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The Bishop poured another cup of tea and replied to the mail:


Sir,

I am confused. You say do what I can to pay this money to the 'London people'. Who are the London people? Where are they? How do I pay this money to them? And why?

I am confused. I thought that the money, Mrs Mobutu and yourself were coming to here and I could settle all accounts then.

Perhaps you had made arrangements with the late Abbot Tuck but I am not privy to these.

I do not know what photo you talk of. Possibly it also was sent to the Abbot but I have neither the time nor the inclination to sift through every document of his estate. However my immediate financial concern is with the real money, not pictures of it.

Yes, of course I will be giving some of the money to the families of the two Abbots. We also plan to build a small memorial to them behind the monastery. It is to be called the Old Abbots Diehard Memorial Brothel and Alehouse. There was a vote by all the monks and this was selected as the most appropriate memorial to two fine men.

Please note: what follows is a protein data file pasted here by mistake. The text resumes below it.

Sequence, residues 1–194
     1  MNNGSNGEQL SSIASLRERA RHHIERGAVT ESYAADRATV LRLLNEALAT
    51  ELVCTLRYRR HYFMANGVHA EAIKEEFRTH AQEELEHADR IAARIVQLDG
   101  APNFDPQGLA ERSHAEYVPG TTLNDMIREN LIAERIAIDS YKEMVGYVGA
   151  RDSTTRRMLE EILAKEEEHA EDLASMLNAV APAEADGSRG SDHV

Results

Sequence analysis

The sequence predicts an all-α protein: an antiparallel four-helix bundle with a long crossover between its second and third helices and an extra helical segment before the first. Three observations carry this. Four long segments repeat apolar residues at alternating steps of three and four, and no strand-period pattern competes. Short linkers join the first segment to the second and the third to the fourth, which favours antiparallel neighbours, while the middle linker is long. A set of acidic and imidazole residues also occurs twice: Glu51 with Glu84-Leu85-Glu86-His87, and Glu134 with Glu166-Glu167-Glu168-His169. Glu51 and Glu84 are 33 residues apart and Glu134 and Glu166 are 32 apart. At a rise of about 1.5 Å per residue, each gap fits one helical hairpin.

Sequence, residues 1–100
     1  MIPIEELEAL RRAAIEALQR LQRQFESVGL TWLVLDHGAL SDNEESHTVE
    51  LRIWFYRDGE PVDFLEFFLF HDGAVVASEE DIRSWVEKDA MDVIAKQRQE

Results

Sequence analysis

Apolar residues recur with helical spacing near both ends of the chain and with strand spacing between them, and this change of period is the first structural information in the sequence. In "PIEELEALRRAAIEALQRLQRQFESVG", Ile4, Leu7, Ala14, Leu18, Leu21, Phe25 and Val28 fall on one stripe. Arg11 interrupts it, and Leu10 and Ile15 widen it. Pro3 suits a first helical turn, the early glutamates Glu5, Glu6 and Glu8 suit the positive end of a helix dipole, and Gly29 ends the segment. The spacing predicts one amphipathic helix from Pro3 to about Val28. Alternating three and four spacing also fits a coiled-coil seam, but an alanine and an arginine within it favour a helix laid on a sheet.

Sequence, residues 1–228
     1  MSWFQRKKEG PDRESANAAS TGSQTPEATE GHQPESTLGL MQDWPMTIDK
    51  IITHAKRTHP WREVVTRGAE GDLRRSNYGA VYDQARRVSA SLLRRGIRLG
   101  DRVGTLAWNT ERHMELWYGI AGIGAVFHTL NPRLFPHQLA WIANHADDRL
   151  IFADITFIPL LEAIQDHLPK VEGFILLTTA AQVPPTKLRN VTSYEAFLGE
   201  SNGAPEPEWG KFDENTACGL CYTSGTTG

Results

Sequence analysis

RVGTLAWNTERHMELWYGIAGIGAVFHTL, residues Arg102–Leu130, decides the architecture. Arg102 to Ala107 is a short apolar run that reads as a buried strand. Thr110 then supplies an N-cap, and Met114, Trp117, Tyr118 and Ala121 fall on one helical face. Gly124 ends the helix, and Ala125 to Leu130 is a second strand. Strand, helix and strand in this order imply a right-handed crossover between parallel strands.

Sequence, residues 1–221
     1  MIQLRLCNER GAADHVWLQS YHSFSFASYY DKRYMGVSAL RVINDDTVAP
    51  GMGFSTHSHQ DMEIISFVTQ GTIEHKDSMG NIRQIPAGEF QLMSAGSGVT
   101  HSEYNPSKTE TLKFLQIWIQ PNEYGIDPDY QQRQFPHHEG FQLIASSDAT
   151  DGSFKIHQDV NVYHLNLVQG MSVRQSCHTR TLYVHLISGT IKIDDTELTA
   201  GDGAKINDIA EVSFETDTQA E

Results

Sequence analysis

I await you answers to my questions with some urgency as I will be away visiting the Holy See for three weeks from Friday.

The Mother Superior from the convent will be running the monastery in my absence and I would not wish to involve her in this transaction.

Yours ecclesiastically,

Taekes Pawnchek,
Bishop of Chesbord.

“The Mother Superior from the convent will be running the monastery...” he repeated out loud to himself. His mind went back to the manner in which he had been induced to sign that agreement and he blushed. But if he was totally honest, he would admit that he would like her to do it again. But the Mother seemed avoiding him now that she had her signed agreement.

It's like getting married, observed the Bishop wryly.


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